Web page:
What could be the consequences of the judgment for Bosnia ? Can we except tensions among the people, Bosnian Serbs and Muslims? Or could it be a step to final justice ?
The judgement is unlikely to have major consequences for Bosnia, since it is likely to confirm the established narrative about the Bosnian war. Thus, it will not provide support for those who want to deny Serb-extremist crimes altogether, nor to those who seek recognition of the genocide outside of Srebrenica. Milorad Dodik and other Serb nationalists will continue to claim that the ICTY is anti-Serb, while the victims and their representatives will continue to feel that they have not received proper justice. The judgement will at least establish definitely the criminal character of the wartime political leadership of the Republika Srpska – already indicated by the convictions of Plavsic and Krajisnik – and in that sense will provide a small step towards final justice. But final justice remains a long way in the future.
Review of Keith Doubt, Through the Window: Kinship and Elopement in Bosnia-Herzegovina, Central European University Press, Budapest and New York, 2014, 158 +xvii pp.
‘The world has read much about the war in Bosnia-Herzegovina, its horrible nature and unconscionable character’, writes Keith Doubt in his preface, ‘but the world has read less about Bosnia-Herzegovina itself’ (p. xii). Indeed, it is difficult for many of us to think of the country without thinking of the war that ended in 1995 and the political struggle that has continued ever since. One of my personal regrets, as a historian specialising in Bosnia-Herzegovina, is that I never knew the country as it existed before the war, particularly since many people who did, both natives and other foreigners, have described it as an idyll. I’ve been told more than once about how you could go skiing in the morning in the mountains around Sarajevo, then drive down to the coast for a swim in the afternoon. Very little is left of that idyll today.
Doubt has set out to shed light on the hidden or forgotten social relations of Bosnia-Hercegovina that existed before the war and continue to exist, and his book owes a large debt to the now-classic anthropological studies of William Lockwood and Tone Bringa. Specifically, he studies familial relations by focusing on the phenomenon of ‘elopement’, which as Svetlana Slapsak indicates in the foreword, does not have the same implications as it did in the pre-feminist era in other countries. Although elopement in Bosnia-Hercegovina does allow a woman to choose her marriage partner, it does not damage a woman’s reputation or that of her family but represents a socially acceptable norm. Indeed, Doubt links this to the greater importance of affinal kinship ties; i.e., those based on marriage rather than blood. It is often supposed that the ancestors of today’s Bosniaks, or Bosnian Muslims, had essentially the same culture as those of the Serbs or Croats until this was altered by Ottoman Islamic occupation. But according to Lockwood, as cited by Doubt: ‘Muslim peasants of Bosnia give much less emphasis to patrilineality and to groups based on patrilineal kinship than do either the Croats or (especially) the Serbs… The slack seems to be taken up by an increased emphasis on affinal relations.’ (Doubt, pp. 97-98). Paradoxically, in this regard, Serbs and Croats are culturally closer to Turks than any of these are to Bosniaks, for the Turks share with the former, but not with the latter, an agnatic kinship structure that defines family and community.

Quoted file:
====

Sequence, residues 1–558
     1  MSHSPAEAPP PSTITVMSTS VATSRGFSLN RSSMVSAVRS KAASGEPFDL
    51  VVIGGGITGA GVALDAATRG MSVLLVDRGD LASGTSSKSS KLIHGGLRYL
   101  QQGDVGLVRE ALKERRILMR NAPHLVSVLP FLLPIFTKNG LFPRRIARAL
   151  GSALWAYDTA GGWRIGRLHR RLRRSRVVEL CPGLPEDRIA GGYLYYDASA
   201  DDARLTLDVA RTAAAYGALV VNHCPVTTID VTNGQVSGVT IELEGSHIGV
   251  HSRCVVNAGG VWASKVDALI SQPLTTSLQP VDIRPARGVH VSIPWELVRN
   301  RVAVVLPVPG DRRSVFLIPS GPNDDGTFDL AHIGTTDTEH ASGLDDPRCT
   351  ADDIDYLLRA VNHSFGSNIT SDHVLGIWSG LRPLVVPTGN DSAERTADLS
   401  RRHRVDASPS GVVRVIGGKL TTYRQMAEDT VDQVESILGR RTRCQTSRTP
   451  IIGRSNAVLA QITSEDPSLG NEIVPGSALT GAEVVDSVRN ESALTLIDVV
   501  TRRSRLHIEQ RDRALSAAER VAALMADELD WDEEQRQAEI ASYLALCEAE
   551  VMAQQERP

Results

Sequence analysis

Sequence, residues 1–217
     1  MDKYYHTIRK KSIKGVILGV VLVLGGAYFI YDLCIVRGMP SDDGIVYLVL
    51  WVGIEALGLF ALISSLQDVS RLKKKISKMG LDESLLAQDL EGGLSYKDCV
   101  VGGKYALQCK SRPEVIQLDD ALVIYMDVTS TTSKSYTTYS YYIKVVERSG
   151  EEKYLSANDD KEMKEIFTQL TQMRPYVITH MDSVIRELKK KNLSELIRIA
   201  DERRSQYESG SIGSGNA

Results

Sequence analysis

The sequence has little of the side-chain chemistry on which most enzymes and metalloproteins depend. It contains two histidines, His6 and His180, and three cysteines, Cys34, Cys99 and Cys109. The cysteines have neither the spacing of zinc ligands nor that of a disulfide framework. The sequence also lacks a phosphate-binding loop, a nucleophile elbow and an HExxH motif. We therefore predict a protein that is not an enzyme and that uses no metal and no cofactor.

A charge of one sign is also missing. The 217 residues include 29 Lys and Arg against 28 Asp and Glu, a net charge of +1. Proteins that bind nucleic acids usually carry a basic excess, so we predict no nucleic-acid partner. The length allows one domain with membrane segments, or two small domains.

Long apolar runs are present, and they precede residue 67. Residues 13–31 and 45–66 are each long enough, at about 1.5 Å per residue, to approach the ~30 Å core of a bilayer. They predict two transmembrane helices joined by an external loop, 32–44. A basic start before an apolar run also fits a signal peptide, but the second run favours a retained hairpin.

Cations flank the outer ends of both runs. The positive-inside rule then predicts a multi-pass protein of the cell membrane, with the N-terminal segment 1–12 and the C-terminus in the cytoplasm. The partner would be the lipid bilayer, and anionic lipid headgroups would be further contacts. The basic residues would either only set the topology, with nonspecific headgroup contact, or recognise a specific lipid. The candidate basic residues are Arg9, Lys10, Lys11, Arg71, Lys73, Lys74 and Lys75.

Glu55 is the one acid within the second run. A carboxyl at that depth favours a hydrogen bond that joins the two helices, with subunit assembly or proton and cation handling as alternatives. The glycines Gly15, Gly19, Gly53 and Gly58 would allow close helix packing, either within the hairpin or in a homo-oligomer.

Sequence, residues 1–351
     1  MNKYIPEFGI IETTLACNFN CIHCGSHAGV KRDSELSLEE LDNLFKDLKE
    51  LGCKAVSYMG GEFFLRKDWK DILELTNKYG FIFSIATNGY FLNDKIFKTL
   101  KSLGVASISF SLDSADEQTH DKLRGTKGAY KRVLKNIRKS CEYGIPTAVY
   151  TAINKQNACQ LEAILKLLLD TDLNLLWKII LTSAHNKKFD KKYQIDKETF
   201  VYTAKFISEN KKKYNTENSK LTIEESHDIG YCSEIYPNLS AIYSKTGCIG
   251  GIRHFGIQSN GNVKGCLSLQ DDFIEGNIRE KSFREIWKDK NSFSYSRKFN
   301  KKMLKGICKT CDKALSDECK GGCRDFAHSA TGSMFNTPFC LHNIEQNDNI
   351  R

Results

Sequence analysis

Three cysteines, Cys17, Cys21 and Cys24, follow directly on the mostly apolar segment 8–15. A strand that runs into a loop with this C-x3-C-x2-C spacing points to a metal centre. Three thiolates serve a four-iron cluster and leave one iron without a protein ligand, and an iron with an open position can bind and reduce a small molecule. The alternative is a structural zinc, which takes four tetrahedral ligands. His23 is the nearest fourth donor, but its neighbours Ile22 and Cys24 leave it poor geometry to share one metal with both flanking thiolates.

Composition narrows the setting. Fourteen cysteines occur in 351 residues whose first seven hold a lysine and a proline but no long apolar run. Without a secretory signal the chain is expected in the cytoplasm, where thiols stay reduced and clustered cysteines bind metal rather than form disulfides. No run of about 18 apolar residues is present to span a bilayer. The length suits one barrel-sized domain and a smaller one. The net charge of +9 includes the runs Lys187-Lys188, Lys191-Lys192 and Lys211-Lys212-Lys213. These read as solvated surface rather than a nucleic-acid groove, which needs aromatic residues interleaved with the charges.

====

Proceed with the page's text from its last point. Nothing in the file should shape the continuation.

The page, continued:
This observation emphasises the distinctiveness of an autochthonous Bosniak culture, distinct from both the wider Serbo-Croat and post-Ottoman neighbourhoods. It perhaps stands in tension, however, with observations that Doubt makes later, that emphasise Bosnian commonalities: ‘The emphasis on establishing affinal relations is not only a cultural custom of Bosniaks, but also a cultural custom of Bosnian Croats and Bosnian Serbs’ (p. 123). Doubt supports this assertion by reference to a survey, which indicates that even in the present day, the two sets of parents of a married couple (i.e. those of a husband and of a wife) visit each other frequently: about two thirds or three fifths of those questioned indicated that their parents visited each other at least four times a year, with very minor differences in the rate for the three nationalities.